As curious and social as humans, no less talkative, but with a different language… and smell. It was such a relief (and fun) to spend time in their presence – in their own unique habitat. Going back, the captain told me to have a lookout for sperm whales. They had been seen close to the coastline earlier in the day. None was spotted though, but knowing that these giants lurked somewhere underneath made me curiously calm.

Beautiful libraries, interesting people and sea lions – all in a week’s work. Life is good.

fredag 25 oktober 2013

Recollections of a visit to Uruguay. Part 2: Study visits

Apart from holding a seminar at the Feria Internacional del Libro, the week I spent in Montevideo in early October primarily consisted of a number of study visits to various kinds of libraries and bookstores. I got the opportunity to visit the Parliamentary Library, the National Library and a series of public libraries in different parts of Montevideo. As always when I do these kinds of intense rounds of visits to different libraries in a new town, impressions pile up. Here I will only briefly touch upon some of the singular ones that are still with me.

The Parliament

There are no guards. I am guided through the whole parliament with its fifty shades of marble and its library and there is a feeling of trust that is rare in political environments these days. The library is painstakingly beautiful. It is open to the public and there are signs saying ”silence”.

The National Library

I am given a private tour of the National Library and shown through labyrinths and passages. Work is silence and intense. A table is set up in preparation for my visit, displaying rare photographs, letters, incunabliae and medieval manuscripts; folios and miniatures. I am shown a 13th century codex of hymns. Nobody knows how it got there. I am allowed to step into a freezer donated by the Bill Gates Library Foundation, used to preserve a unique and fragile collection of early 20th century photographs.

 Public libraries:

I visit several. In one, tango comes whispering through loudspeakers hidden on the shelves in the main room. Once a week the floor is cleared and the library hosts tango evenings. The head librarian loves tango. Only here, I find myself thinking, and perhaps somewhere in Finland.

I am taken to see La Biblioteca Maria Stagnero de Munar, a small castle in central Montevideo currently being transformed into a library and a cultural centre exclusively for children. It is an ambitious project and Prof. Gonzalo Halty at the División Promoción Cultural of the Intendencia de Montevideo, who is my host this afternoon, is proud. It is easy to understand why. This is the first centre/library of its kind i South America. I get a feeling that public libraries mean something to him. Suddenly he asks me, ”How should we continue?”. ”Don’t ask me”, I say. ”Ask the librarians. They’ll know what to do”.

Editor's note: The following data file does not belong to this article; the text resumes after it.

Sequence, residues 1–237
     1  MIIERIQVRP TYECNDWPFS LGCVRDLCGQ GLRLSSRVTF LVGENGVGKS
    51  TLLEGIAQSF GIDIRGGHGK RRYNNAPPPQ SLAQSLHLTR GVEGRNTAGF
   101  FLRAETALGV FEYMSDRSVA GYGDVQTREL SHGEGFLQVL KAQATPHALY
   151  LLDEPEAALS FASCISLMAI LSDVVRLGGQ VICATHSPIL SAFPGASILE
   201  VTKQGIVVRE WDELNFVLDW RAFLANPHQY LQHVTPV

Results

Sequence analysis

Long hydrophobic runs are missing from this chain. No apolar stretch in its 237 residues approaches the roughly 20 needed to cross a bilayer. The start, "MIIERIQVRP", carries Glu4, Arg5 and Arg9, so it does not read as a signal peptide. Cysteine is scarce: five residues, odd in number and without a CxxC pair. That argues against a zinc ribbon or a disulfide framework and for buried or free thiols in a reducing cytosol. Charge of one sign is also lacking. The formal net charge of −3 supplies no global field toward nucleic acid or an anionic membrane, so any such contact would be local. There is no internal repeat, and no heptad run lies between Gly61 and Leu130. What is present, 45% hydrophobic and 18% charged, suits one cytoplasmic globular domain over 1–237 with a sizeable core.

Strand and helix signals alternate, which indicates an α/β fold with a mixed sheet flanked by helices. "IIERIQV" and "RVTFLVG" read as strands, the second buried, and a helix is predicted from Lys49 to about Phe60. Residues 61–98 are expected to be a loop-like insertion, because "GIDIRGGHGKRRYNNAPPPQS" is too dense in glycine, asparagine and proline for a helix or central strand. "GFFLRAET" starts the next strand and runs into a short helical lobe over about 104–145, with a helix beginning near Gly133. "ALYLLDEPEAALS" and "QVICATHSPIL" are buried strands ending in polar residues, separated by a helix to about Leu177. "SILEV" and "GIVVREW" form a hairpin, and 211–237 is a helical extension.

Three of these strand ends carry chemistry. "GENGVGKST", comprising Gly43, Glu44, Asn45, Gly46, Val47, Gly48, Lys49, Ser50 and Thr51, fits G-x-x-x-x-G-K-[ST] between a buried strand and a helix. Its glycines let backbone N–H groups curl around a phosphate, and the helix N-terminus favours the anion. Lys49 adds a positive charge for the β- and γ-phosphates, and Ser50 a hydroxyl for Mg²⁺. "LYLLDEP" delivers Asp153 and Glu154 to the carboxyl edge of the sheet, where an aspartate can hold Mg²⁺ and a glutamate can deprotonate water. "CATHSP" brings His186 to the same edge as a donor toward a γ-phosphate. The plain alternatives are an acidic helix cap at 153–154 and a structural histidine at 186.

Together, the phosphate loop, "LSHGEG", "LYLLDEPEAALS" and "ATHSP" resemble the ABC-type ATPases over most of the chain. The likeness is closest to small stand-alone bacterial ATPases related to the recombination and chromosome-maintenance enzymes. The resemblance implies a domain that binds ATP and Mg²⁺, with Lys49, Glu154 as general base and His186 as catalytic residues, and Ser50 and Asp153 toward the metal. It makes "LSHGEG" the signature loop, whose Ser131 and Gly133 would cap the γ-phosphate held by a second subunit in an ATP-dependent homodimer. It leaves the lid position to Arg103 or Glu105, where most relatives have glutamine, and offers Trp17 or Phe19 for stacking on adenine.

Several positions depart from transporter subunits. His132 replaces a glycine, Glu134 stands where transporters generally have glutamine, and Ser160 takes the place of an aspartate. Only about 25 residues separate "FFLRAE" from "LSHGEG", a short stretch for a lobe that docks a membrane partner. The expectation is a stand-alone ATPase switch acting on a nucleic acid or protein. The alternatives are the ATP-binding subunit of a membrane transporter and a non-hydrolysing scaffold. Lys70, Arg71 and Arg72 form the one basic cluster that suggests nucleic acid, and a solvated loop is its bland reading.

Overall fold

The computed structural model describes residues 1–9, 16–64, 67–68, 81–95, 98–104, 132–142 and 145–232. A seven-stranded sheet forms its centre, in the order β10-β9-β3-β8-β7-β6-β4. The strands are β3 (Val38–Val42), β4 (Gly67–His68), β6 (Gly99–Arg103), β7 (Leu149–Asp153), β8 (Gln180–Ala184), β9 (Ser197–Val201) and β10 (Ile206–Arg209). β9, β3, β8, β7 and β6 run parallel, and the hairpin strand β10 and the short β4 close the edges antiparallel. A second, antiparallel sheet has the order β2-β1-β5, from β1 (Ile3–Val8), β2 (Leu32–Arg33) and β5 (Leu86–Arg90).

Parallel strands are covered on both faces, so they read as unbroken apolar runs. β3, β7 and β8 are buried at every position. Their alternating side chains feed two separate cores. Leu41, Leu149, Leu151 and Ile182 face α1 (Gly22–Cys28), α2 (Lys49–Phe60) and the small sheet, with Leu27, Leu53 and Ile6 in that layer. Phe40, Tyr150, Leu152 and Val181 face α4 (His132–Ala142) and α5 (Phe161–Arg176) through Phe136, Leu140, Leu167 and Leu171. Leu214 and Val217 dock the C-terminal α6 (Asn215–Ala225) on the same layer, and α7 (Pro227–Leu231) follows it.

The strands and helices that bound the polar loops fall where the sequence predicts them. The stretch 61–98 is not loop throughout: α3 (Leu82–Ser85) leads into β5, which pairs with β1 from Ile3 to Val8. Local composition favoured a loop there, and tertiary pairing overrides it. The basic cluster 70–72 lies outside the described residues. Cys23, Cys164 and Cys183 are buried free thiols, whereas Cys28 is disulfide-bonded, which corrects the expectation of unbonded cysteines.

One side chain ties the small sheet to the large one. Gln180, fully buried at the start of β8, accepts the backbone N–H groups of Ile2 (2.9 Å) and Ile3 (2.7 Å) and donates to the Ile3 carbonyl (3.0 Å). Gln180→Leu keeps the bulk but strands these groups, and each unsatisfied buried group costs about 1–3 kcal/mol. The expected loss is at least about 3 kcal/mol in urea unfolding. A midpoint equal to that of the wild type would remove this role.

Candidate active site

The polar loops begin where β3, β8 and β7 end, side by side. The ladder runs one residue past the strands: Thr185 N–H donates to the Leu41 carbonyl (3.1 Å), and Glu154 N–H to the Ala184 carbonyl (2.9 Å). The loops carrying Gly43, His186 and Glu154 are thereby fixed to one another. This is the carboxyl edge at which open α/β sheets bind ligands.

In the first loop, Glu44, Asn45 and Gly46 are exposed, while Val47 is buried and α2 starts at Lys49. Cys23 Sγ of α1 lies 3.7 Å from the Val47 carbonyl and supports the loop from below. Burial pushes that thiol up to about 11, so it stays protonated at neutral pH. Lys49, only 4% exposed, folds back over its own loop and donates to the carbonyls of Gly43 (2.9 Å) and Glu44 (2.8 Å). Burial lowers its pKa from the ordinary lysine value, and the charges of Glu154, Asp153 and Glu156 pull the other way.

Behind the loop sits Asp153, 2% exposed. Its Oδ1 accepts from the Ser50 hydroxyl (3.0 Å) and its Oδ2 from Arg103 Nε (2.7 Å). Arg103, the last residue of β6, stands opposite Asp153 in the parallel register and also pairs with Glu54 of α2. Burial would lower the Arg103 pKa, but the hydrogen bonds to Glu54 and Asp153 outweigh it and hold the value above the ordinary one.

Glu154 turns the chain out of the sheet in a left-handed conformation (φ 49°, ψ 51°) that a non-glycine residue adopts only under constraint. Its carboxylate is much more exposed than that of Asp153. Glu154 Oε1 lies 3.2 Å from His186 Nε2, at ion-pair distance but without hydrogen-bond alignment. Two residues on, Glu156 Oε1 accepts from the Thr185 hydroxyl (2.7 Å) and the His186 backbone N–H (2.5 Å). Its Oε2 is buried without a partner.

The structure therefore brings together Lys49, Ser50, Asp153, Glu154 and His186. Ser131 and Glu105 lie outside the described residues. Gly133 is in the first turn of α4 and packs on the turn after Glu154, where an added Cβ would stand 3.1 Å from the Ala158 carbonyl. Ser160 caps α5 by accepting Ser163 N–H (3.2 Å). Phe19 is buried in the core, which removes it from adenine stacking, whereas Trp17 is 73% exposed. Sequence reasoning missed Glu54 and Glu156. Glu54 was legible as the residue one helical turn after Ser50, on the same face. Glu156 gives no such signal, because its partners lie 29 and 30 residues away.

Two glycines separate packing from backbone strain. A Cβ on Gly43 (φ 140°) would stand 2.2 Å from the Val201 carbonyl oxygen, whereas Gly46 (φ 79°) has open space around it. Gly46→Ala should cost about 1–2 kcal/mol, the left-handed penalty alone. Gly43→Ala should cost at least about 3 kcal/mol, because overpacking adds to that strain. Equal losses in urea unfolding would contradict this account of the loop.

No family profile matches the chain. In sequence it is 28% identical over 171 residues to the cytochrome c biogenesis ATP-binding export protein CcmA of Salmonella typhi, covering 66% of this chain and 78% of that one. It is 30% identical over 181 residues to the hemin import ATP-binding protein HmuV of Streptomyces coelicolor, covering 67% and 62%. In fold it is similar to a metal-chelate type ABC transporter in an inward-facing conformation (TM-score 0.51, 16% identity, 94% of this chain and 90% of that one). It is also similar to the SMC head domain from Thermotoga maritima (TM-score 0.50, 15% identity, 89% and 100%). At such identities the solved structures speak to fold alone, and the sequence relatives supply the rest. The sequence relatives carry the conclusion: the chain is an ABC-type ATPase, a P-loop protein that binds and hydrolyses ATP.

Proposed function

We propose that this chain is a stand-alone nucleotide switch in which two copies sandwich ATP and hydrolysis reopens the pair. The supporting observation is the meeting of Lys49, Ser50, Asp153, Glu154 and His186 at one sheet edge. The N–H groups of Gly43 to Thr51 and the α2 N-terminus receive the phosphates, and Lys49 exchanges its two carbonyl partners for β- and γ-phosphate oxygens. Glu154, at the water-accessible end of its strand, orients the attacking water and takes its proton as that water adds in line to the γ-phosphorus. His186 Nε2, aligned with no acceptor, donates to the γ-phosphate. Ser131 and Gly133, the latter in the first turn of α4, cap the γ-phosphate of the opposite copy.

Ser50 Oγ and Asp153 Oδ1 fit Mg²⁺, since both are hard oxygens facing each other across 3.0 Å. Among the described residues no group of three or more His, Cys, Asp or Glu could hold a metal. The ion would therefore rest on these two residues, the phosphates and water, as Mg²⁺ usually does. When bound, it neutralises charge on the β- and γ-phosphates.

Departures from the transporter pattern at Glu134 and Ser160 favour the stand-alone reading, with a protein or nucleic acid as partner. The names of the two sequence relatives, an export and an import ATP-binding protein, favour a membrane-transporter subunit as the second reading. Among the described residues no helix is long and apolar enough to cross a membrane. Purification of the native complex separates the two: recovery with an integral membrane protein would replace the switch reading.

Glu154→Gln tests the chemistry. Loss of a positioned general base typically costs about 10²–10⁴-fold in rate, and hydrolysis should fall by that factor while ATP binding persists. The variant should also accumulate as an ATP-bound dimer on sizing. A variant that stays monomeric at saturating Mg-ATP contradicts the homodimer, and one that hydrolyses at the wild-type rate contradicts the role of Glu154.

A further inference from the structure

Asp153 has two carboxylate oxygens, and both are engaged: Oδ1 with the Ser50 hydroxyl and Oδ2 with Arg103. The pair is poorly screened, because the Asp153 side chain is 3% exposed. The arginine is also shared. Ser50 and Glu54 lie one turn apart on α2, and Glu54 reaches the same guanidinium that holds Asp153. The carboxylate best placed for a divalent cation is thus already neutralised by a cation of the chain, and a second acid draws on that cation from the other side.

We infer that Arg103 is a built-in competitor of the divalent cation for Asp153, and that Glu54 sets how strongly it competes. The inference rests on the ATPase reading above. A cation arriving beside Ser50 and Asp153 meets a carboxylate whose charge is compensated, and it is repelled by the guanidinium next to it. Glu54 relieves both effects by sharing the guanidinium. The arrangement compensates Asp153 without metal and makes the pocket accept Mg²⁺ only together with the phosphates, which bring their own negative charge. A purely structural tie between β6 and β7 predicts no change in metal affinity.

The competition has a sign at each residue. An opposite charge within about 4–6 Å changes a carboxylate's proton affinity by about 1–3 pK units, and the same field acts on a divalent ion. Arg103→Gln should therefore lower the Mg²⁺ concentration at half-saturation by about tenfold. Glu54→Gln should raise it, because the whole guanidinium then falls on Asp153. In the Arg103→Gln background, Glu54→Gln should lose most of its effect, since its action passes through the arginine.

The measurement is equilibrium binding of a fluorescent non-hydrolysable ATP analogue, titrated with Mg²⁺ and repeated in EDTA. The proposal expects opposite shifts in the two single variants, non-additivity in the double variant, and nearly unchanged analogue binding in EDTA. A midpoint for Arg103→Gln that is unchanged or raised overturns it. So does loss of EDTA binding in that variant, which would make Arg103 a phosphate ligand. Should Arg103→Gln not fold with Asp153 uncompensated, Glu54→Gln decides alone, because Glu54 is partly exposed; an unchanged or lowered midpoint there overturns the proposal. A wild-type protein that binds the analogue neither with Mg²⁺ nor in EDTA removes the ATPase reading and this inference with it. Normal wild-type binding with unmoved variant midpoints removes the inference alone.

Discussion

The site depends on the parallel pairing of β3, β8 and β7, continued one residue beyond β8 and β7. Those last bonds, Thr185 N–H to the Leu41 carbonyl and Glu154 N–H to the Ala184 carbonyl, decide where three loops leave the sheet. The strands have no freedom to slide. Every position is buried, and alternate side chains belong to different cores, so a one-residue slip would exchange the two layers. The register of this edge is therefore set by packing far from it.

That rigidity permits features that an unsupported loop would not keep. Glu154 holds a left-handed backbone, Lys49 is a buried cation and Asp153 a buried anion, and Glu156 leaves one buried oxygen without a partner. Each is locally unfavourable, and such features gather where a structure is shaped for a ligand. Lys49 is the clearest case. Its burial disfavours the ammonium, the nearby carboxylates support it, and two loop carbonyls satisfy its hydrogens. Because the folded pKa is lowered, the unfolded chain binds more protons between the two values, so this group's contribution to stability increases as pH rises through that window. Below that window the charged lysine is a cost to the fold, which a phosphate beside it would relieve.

At the Biblioteca Dr. Francisco Schinca (in Montevideo public libraries are named), I see a different reality, that of high ambition and no money. In an area far from the wealthy city centre and grand projects, I meet librarian Lourdes Díaz, who runs this little library with determination and admirable strenght. This is not a library the Intendencia wanted me to see, so I thank Carina Patrón of the Uruguay Library Association for taking me there. The area is filled with social problems, but this library prevails with only limited support from the fund distributing authorities. Mrs Díaz and I speak for over two hours; about the value of libraries, about the value of resistence and about the joy of creating a space for reading and culture for the people far from the official agenda, be it political, social or cultural.


The very last thing I do in Montevideo is to visit the Puro Verso bookstore in the Ciudad Vieja.  I had eaten lunch there earlier in the week – yes, they offer lunch among the books. I just had to go back. In Sweden you don’t find them any more, bookstores that sell, well, books - and perhaps some music. Wandering through the shelves of Puro Verso I just cannot help wondering what went wrong in my own country. How did we end up with bookstores selling more branded stationery trash than books? Such a waste. It is comforting to know that stores like this exist in other countries, where books and reading obviously is taken more seriously than in Sweden.

That, and so many other things I saw and heard in Montevideo during my week in the warm South American spring filled me with gratitude and, dare I say it… hope.

tisdag 22 oktober 2013

Recollections of a visit to Uruguay. Part 1: book fair seminar

In april, I was contacted by Mr. Jim Larsson at the Swedish-Uruguayan Cultural Institute about coming to Montevideo to talk about public libraries. I had never heard of this institute, and had to check twice that it really existed before getting back to him saying that I would definitively consider coming - but what was expected of me? The initial plan was that I should give a speech at a book fair in Montevideo on the role of public libraries in the Nordic countries, as Nordic literature would be one of the themes of the fair. After a couple of months of discussions and practical arrangements, the pieces finally came together, and I found myself on a plane bound for South America. During the course of our discussions, the event grew and as I landed in sunny Montevideo, I had a full week of work ahead of me.  

The main event was a seminar on October 10 at the 36th Feria International del Libro in Montevideo. The event gathered some 300 of the city’s librarians in a discussion on the future and the present state of Uruguayan libraries.